Police killing sparks protests in New Jersey

Unarmed man shot in front of children

By Bill Vann
10 May 2001

A cop's fatal shooting of an unarmed Irvington, New Jersey man has sparked angry protests in a predominantly black community that has long suffered acts of police violence and brutality.

Bilal Dashawn Colbert, 29, was about to drive his fiancée's two daughters to school April 29 when police officer William Mildon approached the car with his gun drawn. When Colbert ignored an order to halt, the cop fired once, striking the motorist in the neck and killing him instantly. The two girls—Shaquita Boyd, 10, and Shanice Henry, 8—who were in the back of the car, ran screaming from the scene.

Hundreds of protesters marched on Irvington police headquarters last Saturday, chanting “no peace, no justice” and carrying signs reading “enough is enough.” Demonstrators linked the latest killing to a series of incidents in New Jersey, including the shooting death of an East Orange teenager two weeks ago by an off-duty cop and the case of Earl Faison, who in 1999 was beaten to death while in the custody of Orange police.

Officer Mildon, a white cop, killed another young black man himself just four years ago. He shot to death Keion Williams, 24, in a similar incident involving a traffic stop.

Rev. William Rutherford, the leader of the New Jersey NAACP, charged that Officer Mildon had engaged in systematic harassment of Colbert, his latest victim, for at least a year before the shooting. “Officer Mildon would see Mr. Colbert sitting on the stoop and make gestures with his hand as if he had a gun and was shooting him,” Rutherford said. “On Monday morning at 8:30 a.m., Officer William Mildon no longer made gestures, but succeeded by being judge, jury and executioner.”

In a bid to intimidate critics of the police, an attorney for the cop filed a defamation lawsuit against the NAACP leader for calling Mildon a “racist” and a “murderer.” Meanwhile, the Irvington Police Department has taken no action against the cop, who was allowed to go on a scheduled vacation.

Irvington was the scene of a notorious act of police brutality five years ago when a group of cops barged into the apartment of a Haitian immigrant in response to a complaint from a neighbor about noise from a party there. When the cops started shoving people, one of the guests, Max Antoine, challenged them, declaring that people had a right to be there and that the American police were not allowed “to act like Ton Ton Macoutes,” referring to the notorious security force in his native Haiti.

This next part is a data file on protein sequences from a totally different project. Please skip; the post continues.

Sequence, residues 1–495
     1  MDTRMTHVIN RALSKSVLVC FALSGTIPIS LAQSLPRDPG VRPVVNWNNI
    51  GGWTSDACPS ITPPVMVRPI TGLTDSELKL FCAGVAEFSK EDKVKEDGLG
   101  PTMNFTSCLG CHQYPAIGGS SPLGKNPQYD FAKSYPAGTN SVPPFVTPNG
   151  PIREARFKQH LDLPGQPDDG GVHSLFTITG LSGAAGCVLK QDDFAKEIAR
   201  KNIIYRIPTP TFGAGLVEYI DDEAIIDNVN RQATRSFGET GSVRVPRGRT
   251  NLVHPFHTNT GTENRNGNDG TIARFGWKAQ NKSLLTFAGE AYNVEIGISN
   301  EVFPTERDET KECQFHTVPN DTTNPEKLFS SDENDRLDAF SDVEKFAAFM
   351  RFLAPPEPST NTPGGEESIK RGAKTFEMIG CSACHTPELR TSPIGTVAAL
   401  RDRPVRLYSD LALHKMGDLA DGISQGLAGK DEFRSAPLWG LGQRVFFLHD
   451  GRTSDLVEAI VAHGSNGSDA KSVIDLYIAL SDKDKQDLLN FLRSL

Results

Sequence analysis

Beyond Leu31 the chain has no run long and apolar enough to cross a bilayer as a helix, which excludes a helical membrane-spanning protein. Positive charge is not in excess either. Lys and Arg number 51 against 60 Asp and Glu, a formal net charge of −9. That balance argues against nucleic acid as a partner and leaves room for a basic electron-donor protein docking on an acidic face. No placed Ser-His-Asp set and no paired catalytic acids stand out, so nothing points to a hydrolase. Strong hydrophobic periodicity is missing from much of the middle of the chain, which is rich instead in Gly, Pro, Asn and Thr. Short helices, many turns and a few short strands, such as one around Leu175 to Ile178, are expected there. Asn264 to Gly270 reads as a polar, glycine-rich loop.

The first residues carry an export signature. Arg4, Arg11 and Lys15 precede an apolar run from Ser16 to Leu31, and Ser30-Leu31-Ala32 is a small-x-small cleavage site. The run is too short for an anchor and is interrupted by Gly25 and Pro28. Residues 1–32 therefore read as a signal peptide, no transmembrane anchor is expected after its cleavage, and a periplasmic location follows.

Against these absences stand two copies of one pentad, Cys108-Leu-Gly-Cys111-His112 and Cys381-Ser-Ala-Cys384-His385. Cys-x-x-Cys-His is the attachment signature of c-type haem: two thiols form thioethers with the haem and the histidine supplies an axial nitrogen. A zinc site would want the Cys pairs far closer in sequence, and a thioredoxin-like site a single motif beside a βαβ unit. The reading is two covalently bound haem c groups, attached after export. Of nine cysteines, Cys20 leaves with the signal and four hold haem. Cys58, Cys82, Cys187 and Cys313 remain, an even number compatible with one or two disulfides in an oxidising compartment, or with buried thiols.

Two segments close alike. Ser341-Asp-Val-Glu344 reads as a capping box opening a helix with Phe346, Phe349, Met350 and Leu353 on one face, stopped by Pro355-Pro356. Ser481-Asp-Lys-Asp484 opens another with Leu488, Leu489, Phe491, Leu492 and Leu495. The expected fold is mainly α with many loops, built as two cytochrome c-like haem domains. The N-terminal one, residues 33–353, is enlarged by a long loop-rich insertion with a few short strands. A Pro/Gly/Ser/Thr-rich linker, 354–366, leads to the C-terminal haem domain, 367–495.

The cops moved swiftly to disabuse Antoine of this notion, smashing his head into a wall and beating him with night sticks. After dragging him down the stairs, several cops picked him up and rammed him headfirst through the glass pane of a storm door. They then threw him into the back of a patrol car, shooting pepper spray into his face. Taken to a station house, he was thrown handcuffed and bleeding into a cell and denied medical attention for two days.

The beating left Antoine paralyzed below the waist, blind in one eye and with severe brain damage. Despite complaints filed by his family and a number of guests at the party, no action was ever taken against the cops who brutalized him.

New Jersey has been rocked recently by revelations that former state attorney general and now state Supreme Court Justice Peter Verneiro concealed information about racial profiling by state troopers. Minority troopers have themselves come forward to testify about a police culture rife with racism. Meanwhile, the state legislature has taken preliminary steps towards Verneiro's impeachment.

The tensions between the police and poor and working class neighborhoods ringing the city of Newark and acts of police brutality in these areas have escalated in direct proportion to the ever widening social chasm between the haves and have-nots in New Jersey, a state which has seen its poverty rate grow over the past decade, even as per capita income has remained the second highest of any state in the nation.